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This photo shows the original set of 176 emojis, which the Museum of Modern Art has acquired. The emojis were a gift to the museum from the phone company, Nippon Telegraph and Telephone.
Shigetaka Kurita/NTT DoCoMo/Courtesy of The Museum of Modern Art—AP

As emojis enter every aspect of our lives, from our phones, to movies, to the dictionary, it’s only fitting that their next stop is an art museum.

The Museum of Modern Art announced on Wednesday that it has acquired the original set of 176 emojis. Released in 1999 by Japanese phone company NTT DoCoMo, the first emojis were simple 12-pixel-by-12-pixel images that included a smiley face, a snowman, hearts and an old-school cell phone.

The emojis were copied in Japan after the initial set debuted, but they didn’t go global until Apple added them to the iPhone in 2011. The number of emojis has grown significantly over the years. The Unicode Consortium, which oversees emoji designs, now recognizes nearly 1,800 emojis, and the set has been updated with everything from the silly (poop) to the inclusive (more gender equality and racial diversity).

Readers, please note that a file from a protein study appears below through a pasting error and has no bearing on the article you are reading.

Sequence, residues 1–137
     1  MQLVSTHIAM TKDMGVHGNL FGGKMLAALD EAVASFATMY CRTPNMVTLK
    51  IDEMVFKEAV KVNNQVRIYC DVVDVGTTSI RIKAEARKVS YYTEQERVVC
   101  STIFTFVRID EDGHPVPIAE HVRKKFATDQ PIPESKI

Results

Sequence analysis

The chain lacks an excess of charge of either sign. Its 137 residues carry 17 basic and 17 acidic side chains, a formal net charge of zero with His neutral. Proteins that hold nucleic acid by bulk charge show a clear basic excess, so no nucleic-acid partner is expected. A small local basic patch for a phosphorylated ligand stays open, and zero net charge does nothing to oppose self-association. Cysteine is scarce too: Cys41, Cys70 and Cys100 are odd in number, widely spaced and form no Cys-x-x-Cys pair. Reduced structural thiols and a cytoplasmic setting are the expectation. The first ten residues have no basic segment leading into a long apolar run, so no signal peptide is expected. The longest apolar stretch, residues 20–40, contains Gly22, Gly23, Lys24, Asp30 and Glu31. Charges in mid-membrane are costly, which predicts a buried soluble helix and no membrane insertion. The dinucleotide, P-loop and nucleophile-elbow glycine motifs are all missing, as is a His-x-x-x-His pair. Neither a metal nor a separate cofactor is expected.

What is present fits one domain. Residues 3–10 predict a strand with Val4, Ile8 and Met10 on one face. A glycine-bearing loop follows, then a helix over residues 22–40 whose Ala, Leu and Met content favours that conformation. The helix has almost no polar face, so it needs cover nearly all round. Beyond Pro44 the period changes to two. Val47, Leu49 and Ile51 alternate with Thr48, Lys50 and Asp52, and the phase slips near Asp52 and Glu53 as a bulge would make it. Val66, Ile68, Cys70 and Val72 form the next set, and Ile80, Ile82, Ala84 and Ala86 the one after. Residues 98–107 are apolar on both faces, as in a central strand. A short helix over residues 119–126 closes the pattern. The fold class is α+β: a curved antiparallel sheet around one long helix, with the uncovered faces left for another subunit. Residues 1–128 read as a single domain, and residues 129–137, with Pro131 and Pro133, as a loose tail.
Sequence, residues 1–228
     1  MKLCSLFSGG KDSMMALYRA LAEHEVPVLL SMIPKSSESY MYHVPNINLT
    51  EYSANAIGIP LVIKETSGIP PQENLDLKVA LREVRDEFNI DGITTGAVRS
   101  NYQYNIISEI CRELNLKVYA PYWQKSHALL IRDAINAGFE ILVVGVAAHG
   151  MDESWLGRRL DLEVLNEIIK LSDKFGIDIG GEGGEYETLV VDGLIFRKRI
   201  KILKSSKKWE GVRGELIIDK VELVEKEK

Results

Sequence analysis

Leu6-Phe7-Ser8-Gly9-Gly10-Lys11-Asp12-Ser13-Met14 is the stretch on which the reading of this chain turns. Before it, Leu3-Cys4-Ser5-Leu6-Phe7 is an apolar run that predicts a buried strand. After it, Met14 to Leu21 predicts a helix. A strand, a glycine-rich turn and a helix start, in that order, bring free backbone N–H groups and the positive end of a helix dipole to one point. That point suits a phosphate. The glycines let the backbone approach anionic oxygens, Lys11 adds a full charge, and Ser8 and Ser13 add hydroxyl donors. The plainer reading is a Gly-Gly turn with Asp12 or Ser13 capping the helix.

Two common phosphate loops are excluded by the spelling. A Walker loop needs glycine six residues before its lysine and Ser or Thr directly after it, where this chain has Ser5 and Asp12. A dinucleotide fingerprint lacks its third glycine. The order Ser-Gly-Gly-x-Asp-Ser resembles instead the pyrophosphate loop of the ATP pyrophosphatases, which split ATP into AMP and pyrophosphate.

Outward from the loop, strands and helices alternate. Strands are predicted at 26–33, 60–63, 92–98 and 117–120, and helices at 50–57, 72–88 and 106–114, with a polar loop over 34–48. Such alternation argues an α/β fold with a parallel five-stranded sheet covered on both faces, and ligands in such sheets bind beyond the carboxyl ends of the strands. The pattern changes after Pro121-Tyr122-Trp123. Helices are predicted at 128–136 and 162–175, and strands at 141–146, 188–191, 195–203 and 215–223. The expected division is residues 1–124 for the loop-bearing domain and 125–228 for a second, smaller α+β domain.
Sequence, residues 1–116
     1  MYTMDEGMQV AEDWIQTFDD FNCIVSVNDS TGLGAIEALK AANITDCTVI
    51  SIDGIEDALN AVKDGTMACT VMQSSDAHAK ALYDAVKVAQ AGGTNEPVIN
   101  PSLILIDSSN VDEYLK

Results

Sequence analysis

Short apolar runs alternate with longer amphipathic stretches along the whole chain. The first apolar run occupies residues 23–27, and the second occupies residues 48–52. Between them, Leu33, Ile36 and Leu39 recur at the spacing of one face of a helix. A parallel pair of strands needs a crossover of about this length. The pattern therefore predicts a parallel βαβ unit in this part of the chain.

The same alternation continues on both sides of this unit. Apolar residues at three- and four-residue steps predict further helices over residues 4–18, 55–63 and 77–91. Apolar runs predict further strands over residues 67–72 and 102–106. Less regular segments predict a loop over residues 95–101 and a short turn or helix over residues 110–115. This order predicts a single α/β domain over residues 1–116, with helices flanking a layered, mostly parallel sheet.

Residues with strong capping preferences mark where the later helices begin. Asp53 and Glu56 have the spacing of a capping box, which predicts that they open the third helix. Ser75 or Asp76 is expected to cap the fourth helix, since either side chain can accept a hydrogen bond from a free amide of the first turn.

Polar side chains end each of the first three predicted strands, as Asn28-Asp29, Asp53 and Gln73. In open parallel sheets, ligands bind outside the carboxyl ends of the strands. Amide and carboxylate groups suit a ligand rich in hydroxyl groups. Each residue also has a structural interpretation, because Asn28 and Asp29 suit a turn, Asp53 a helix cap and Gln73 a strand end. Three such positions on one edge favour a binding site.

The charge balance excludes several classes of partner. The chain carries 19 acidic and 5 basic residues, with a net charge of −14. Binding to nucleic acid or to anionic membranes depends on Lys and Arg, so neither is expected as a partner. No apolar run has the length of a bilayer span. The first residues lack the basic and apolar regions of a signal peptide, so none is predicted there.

MoMA will display its new emoji collection in the museum’s lobby starting in December, the New York Times reports, and the exhibit will involve printed and animated designs.

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